Lake, Porter County early voting totals exceed 2008

2012-11-05T18:00:00Z 2012-11-06T19:29:16Z Lake, Porter County early voting totals exceed 2008Bill Dolan, (219) 662-5328
November 05, 2012 6:00 pm  • 

CROWN POINT | Someone had to lock the front door of the Lake County Government Complex about noon Monday to bring an end to the heavy balloting that characterized the final days of the early voting period.

"You don't have a voice if you don't vote," Julie Kesler of Merrillville and the last person in line, said.

The line, which filled several government center corridors, was so long she had to wait about 75 minutes before she was finally admitted into a lobby where a bank of voting machines was set up.

Polling places open 6 a.m. today and close 6 p.m.

Election officials in Lake and Porter counties were still tabulating their final early-voting totals late Monday.

Lake County recorded more than 24,500 early walk-in votes cast between Oct. 9 and Friday, according to Sally LaSota, county elections board director. That exceeds the record-setting in-person early voting total in 2008 and doesn't include the thousands of votes cast Saturday and Monday.

More than 6,100 paper absentee ballots have been cast as well. Together, they represent close to 10 percent of the county's total of registered voters.

The number of ballots cast by the end of last week was on track to exceed a total of 17,000 from four years ago, Kathy Kozuszek, the Democratic director at the Lake County voter registration office, said.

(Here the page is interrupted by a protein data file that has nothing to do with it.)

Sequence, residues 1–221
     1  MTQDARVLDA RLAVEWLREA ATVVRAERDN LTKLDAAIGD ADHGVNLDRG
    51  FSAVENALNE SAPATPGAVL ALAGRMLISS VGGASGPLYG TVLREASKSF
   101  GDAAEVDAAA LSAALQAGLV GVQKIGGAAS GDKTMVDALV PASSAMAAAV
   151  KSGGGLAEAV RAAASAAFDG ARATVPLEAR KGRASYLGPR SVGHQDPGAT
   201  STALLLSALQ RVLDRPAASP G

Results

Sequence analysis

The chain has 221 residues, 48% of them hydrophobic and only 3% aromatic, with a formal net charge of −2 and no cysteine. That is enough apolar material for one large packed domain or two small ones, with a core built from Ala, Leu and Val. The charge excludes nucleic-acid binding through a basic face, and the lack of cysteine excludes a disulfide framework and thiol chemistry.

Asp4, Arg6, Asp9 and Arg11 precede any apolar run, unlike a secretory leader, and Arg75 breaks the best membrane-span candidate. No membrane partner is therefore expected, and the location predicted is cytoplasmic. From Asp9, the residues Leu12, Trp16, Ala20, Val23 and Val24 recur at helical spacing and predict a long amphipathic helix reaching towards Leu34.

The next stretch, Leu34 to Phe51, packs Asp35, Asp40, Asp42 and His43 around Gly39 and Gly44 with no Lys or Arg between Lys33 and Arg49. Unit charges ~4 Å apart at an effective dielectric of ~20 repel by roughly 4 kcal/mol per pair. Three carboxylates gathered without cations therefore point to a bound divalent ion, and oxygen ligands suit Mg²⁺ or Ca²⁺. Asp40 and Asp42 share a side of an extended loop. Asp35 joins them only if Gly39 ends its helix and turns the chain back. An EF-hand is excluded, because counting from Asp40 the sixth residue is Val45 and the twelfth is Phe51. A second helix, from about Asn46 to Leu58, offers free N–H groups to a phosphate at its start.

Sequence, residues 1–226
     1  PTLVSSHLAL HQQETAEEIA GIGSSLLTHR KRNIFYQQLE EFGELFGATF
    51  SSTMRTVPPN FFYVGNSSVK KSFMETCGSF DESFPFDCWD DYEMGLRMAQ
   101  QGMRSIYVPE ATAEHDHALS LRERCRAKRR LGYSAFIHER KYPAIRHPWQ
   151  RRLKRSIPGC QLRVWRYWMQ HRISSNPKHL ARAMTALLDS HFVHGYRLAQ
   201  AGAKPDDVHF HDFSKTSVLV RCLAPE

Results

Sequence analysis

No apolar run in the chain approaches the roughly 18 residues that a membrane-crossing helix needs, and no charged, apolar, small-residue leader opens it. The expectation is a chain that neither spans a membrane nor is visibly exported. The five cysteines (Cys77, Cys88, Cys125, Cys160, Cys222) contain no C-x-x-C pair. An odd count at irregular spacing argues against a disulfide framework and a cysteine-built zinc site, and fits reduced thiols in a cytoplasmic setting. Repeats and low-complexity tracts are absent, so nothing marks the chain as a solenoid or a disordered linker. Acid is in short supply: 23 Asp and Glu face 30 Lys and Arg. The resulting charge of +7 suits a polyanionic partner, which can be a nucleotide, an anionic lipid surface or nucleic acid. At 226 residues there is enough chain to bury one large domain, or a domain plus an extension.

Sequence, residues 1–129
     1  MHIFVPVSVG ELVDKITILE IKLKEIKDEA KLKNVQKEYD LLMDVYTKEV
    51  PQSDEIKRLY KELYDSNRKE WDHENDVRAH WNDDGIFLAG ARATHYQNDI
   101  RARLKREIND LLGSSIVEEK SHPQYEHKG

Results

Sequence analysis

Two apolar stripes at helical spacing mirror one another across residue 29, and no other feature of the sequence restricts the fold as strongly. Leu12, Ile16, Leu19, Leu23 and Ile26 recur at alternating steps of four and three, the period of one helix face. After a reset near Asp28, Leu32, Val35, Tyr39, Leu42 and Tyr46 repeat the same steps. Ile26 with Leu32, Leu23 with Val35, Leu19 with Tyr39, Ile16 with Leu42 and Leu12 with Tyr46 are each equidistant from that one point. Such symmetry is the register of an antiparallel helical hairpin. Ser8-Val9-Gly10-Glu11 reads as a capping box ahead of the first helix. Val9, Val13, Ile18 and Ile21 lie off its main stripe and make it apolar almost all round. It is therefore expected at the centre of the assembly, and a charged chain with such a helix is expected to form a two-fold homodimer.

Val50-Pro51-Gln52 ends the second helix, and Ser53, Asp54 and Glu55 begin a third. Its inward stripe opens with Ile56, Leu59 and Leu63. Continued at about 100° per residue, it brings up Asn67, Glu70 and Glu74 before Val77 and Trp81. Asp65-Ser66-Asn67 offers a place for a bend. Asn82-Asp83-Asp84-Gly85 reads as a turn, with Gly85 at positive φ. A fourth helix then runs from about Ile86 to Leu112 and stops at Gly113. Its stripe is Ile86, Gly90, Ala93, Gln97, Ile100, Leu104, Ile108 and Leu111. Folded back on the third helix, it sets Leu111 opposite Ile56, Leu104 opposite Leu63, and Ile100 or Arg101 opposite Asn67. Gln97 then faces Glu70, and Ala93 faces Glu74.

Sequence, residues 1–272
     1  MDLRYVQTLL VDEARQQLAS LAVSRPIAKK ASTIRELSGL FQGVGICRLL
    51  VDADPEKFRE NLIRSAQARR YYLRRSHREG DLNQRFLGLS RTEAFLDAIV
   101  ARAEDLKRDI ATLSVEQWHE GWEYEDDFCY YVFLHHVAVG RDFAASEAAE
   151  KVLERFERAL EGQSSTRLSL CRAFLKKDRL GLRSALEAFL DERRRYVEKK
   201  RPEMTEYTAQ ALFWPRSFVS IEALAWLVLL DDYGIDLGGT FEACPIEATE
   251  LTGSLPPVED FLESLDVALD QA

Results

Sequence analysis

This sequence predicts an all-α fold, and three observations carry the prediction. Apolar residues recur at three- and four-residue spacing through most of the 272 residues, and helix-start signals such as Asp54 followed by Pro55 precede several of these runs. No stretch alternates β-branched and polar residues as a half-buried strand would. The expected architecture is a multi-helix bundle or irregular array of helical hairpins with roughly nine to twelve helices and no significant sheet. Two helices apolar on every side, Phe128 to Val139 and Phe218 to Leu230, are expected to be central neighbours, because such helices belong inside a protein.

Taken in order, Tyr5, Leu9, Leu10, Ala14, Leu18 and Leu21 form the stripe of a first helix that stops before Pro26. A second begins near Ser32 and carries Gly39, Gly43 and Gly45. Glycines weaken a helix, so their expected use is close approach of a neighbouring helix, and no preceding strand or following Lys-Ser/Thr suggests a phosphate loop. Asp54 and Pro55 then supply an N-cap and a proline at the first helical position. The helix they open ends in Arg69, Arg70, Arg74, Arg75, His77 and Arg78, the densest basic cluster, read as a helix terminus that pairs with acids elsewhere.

LaSota said she was sorry about the long lines experienced in the final days. She said there was little or no waiting when the early voting period began a month ago, when an average of just 685 ballots were being cast daily in person.

Last week, no fewer than 1,500 walked into early voting booths, and some 2,425 flooded the polling places Friday.

Peter Gomez, of Crown Point, found himself behind more than 150 people Monday.

"I went to the dentist's office first," he said as he contemplated an even more painful experience ahead.

"I get nervous about people complaining and I'm sure the politicians do too, but when everybody comes at once, that is what we are faced with. I guess that's human nature."

Matt Virus said he, his wife and 20-year-old son voted Saturday at the satellite county courthouse on Russell Street in Hammond.

"We waited for over four hours, and I enjoyed every minute of it," Virus said.

"It was the coolest thing to watch so many people from so many backgrounds coming together. It was so community. No one complained or even left the building. Everyone was talking and being pleasant."

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